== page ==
23 June 2014

No, Ancestry.com? No, Problem!

I am sure by now everyone has heard that ancestry.com suffered a DDoS (Distributed Denial of Service) attack.  Most everything is back to normal at ancestry.com now, but when it wasn't available I read a lot of grumbling about it being unavailable.

I chose to take a different approach. Ancestry.com is a great resource for those of us doing genealogy research, but it isn't the only option available to researchers.  Plus, not everything is online.

I decided to go off-line!  During the last few months, I put folders on the desktop of my computer as a sort of to-do list and decided it was time to tackle the folders. My folders consisted of pictures that needed to be labeled, record copies that needed to be attached to my Roots Magic genealogy program, my Roots Magic to-do list, a document of summer genealogy road trips to be taken, and notes of ideas gleaned from the SCGS Jamboree 2014 live streamed sessions.

I started with the picture folders.  I opened each folder, opened the pictures using Windows Live Photo Gallery, clicked edit, and renamed each picture.  The advantage of using the photo gallery is after you rename it you can use the arrow to go to the next picture.  After all the pictures, hundreds of them, were renamed I moved each picture to its' final folder.

My final folders are organized with my records and pictures by surname.  Inside each surname folder is the name of my direct ancestors with their birth and death dates.  For example, inside my Glover surname folder I have my grandfather, Harry Glover (1883-1950).  (see screenshot above)

Inside each ancestor's folder I have sub folders for birth, marriage, death, military, census, etc. One folder is labeled 'children'.  This folder has the children of my ancestor, one folder for each child, organized the same as the individual folders.

The photo's were renamed and organized and I moved on to the records I had saved.  I am trying to go paperless and when I see a record image in my online research I save a copy.  I record and source the facts to my genealogy software program as I research, but save the images to be attached later.  I didn't have as many record copies as I did photographs, so this didn't take too long.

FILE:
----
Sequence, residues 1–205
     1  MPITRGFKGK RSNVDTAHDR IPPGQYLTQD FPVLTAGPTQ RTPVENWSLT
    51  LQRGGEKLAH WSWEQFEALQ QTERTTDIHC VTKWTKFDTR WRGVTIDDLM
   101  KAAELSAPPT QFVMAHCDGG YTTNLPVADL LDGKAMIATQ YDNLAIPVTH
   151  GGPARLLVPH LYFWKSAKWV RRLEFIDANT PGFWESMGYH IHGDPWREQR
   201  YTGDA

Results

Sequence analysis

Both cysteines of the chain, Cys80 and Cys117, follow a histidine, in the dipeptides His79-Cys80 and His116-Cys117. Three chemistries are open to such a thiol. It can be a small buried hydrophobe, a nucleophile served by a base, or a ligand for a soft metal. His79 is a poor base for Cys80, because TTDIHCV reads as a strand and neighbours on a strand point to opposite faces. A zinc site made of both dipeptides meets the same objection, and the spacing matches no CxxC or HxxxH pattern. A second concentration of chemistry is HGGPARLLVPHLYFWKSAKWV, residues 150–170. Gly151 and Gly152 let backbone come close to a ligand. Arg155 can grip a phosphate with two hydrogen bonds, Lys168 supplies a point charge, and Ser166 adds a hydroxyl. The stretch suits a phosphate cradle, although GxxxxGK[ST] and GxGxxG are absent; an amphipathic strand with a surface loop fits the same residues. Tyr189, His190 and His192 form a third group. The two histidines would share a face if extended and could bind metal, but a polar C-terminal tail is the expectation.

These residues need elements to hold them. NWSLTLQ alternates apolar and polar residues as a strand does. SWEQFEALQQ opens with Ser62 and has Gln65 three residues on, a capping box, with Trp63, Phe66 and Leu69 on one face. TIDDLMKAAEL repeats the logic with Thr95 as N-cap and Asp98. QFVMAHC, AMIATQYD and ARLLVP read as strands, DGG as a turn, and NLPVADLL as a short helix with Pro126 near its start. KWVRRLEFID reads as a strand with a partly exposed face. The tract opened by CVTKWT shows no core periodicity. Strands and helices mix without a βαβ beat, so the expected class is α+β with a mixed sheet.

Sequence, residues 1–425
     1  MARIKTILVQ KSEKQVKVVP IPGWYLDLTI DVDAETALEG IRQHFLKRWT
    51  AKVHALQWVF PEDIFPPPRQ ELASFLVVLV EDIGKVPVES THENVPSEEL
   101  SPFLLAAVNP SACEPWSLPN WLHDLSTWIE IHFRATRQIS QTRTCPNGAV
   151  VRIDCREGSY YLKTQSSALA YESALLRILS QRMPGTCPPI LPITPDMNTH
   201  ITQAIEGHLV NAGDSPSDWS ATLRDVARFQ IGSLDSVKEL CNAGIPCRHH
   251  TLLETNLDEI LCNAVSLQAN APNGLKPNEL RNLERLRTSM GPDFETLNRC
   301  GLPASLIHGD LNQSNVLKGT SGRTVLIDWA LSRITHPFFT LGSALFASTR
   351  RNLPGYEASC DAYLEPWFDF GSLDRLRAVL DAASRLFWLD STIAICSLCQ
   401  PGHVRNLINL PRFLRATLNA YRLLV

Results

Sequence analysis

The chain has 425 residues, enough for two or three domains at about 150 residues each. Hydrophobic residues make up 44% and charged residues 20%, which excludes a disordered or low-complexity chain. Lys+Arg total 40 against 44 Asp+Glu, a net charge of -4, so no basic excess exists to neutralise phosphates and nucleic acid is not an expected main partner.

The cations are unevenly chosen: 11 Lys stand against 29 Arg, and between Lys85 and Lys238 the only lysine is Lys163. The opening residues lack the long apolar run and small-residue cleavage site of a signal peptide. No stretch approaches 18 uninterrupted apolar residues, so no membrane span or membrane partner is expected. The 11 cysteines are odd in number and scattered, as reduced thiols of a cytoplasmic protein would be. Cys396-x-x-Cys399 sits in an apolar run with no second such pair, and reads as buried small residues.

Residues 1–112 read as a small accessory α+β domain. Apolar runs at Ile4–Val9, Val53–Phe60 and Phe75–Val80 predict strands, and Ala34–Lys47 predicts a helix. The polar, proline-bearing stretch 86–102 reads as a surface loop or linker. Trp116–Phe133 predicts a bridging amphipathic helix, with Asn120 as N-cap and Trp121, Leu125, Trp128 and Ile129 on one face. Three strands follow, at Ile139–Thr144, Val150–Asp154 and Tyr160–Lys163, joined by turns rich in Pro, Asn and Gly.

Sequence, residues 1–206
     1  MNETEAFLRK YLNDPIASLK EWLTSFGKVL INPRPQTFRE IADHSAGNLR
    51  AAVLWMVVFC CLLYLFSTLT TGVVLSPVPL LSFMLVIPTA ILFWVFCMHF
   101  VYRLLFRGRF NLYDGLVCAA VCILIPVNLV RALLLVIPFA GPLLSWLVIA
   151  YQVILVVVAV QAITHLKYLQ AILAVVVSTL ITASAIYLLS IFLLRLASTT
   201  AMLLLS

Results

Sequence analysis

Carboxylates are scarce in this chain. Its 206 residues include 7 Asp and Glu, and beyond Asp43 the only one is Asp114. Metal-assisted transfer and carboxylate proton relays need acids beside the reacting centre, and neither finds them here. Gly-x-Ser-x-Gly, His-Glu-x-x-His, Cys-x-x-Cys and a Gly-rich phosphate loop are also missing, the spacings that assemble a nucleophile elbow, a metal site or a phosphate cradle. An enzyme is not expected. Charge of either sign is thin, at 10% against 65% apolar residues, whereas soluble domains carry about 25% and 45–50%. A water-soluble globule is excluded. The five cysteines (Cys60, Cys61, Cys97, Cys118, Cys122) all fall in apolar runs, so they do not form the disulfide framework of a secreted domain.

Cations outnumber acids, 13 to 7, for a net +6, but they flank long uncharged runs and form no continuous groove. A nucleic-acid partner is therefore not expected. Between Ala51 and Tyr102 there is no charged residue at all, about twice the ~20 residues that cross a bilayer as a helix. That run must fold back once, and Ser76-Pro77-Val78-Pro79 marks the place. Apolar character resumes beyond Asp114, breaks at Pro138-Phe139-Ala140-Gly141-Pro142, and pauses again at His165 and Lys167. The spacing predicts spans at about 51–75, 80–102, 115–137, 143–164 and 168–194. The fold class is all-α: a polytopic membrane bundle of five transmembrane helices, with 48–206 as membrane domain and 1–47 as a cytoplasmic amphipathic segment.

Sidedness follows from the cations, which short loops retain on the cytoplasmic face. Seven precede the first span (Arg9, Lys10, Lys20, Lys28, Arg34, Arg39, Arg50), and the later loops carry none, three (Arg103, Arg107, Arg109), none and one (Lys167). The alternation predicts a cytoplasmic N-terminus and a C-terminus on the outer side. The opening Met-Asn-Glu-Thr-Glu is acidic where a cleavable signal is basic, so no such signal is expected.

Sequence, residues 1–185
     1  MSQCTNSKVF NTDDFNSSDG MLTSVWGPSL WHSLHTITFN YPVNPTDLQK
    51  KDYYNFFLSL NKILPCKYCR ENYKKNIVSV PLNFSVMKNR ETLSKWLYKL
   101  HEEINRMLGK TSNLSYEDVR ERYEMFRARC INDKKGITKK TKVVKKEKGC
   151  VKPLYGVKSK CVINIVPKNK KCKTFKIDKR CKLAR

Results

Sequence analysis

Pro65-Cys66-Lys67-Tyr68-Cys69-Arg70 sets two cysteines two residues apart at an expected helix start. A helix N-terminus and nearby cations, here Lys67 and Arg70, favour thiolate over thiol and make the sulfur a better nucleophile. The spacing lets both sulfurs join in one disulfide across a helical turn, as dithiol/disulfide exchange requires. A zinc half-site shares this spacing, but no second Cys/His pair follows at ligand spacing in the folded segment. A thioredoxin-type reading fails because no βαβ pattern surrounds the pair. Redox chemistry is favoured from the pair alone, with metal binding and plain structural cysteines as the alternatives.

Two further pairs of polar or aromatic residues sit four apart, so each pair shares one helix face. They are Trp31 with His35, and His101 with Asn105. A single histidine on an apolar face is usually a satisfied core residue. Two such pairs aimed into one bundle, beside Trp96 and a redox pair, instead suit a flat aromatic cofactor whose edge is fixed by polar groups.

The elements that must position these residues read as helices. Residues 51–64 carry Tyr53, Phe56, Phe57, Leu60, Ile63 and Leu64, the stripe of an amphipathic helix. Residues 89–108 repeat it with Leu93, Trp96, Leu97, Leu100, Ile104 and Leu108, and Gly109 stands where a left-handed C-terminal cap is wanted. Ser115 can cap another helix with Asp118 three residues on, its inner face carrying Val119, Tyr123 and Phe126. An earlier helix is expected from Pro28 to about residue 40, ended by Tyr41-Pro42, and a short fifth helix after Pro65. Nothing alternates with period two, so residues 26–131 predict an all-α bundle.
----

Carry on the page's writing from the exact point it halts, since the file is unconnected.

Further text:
Next, I moved on to the notes of ideas from the lived streamed sessions of SCGS Jamboree.  As I watched the sessions I would jot down ideas that I had from the information provided.  For example, I watched Paula Stuart Warren's Manuscript Finding Aids session and thought of manuscript papers I would like to look for.  One is Michigan Governor Josiah Begole, a first cousin five time removed.  Another is Anna Glover paper's.  Anna Glover wrote Glover Memorials and Genealogies: An account of John Glover of Dorchester and his descendants (Boston: David Clapp & Son Printers, 1867), and I would like to know her research notes or sources are available.

I found a few manuscripts with Josiah Begole's name at Bentley Historical Library, University of Michigan, Ann Arbor and at Clarke Historical Library, Central Michigan University, Mt. Pleasant, Michigan.  I added those to my Roots Magic To Do list.

Lastly, I looked at the list of summer genealogy research trips I would like to take.  I decided I would go to Ypsilanti, Michigan first to do a little Glover research.  I worked on a research plan for this trip.  Next, I created a list of places I would like to go to.  I plan to go to two cemeteries and Historical Society of Ypsilanti Archives.  If time, a visit to the courthouse or public library may be added.  This will be a day trip as I only live 90 miles from Ypsi., as the locals call it.

I used online resources to compile a list of what grave-sites I want to visit.  The gravestone pictures are on Find a Grave, but as people are touchy about the use of their photographs, I want to take my own.  Another list was compiled using the online resource of the Ypsilanti Historical Society, which I plan to write a separate blog for.

The list above kept me busy and I didn't even miss ancestry.com.  My desktop only has one folder on it now, down from about 12. How did you handle the ancestry.com outage?  

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